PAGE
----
Rizgar Ali Hamajan, the Kurdish chair of Kirkuk’s provincial council, says the problem is that Iraq’s central government does not want to part with Kirkuk and its oil, which it would have to do given the widely expected outcome of the referendum. That’s not just because this city of 1.3 million people is majority Kurdish, he says, but because many residents prefer more distance from Baghdad.

Hamajan accuses lawmakers of playing an unconstitutional and dangerous game — one that could unravel the fragile security here and across Iraq.

He says he’s willing to wait until lawmakers return from their recess next month, but he adds that if parliament, at that point, still refuses to clear the way for a referendum, his bloc will take matters into its own hands.

In Baghdad, many politicians bristle at such threat, including Saleh al-Mutlaq, who heads the second-largest Sunni Arab bloc in parliament.

“We want Kirkuk to be an Iraqi city, not a Kurdish city or an Arab city or a Turkmen city,” Mutlaq says.

Mutlaq concedes that the Kurds can force the issue now, but he warns it will only be temporary and that, eventually, the Iraqi army will be strong enough to take Kirkuk back by force from the Kurds.

“Now Iraq is weak,” Mutlaq says. “They can do whatever they want to do, but they cannot keep it.”

Tension In The Streets

Already, the political tension has spilled onto Kirkuk’s streets. Last month, a suicide bomber killed more than 20 people at a Kurdish rally protesting the parliament’s actions. Scores of Kurds then tried storming a nearby Turkmen political office, where they broke windows and set cars ablaze, drawing gunfire from Turkmen security guards. One person was killed.

The office is still closed, with only burned-out cars, broken furniture and glass left behind.

Jamal Shan, who heads the Iraqi National Turkmen Party, says he worries such sectarian attacks will spread. He says Turkmen are thinking about forming their own militia to protect their interests.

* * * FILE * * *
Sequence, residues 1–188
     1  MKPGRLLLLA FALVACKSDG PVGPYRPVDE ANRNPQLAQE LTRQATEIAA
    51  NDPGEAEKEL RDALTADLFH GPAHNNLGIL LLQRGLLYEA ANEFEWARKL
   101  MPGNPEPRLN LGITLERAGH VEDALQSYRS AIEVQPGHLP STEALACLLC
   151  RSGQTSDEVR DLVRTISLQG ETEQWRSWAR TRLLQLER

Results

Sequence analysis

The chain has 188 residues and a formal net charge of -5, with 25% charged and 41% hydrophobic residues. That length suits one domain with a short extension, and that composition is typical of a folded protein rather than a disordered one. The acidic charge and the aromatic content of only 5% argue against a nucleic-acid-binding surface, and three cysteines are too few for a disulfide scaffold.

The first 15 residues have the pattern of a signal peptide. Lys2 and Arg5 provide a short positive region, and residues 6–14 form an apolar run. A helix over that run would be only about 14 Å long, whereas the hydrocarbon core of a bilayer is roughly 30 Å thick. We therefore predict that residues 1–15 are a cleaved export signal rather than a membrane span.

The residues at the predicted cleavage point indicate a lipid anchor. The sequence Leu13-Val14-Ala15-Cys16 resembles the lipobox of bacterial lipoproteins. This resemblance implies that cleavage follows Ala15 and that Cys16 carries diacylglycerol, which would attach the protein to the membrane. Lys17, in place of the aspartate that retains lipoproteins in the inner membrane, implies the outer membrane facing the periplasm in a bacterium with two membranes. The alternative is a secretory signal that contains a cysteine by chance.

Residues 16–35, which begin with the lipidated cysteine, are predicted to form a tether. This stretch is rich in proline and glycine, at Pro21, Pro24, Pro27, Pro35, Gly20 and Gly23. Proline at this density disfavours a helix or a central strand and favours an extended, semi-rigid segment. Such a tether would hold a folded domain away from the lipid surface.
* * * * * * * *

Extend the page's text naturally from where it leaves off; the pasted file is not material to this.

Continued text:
“If that’s not acceptable, then the central government should send its forces to Kirkuk to protect us,” Shan says. “Or the Kurds should increase the number of Turkmen serving in Kirkuk’s security forces. Or someone should bring in international troops, because we no longer trust the Kurds or the Americans who back them.”

That sort of talk worries Kirkuk residents. Whether Kurds, Turkmen or Arabs, residents interviewed for this story say they don’t want to end up living in a segregated city carved up by concrete barriers, like Baghdad.

Kirkuk residents say they thrive on living and working side by side, as they do at an outdoor market called “The Republic.”

Ali Razhoughi Razi, a Kurd, counts a stack of Iraqi money he’s earned from selling Chinese-made plugs and power strips here. He says he believes it is Iraq’s politicians — not the residents of Kirkuk — who are stoking the ethnic tensions.

“I mean, Turkmen buy from me, Kurds buy from me, Christians — everybody buys from me,” Razi says. “I’ve never seen anyone — an Arab or a Turkmen — say, ‘No, you are a Kurd, I will not buy from you.’ So that means we are living together as brothers.”

Kirkuk Gov. Abdulrahman Mustafa Fatah, who is also Kurdish, shares that view. He says there have been plenty of attempts over the past five years to stir up trouble among the locals, but he believes the interethnic bonds are too strong here to be broken for long.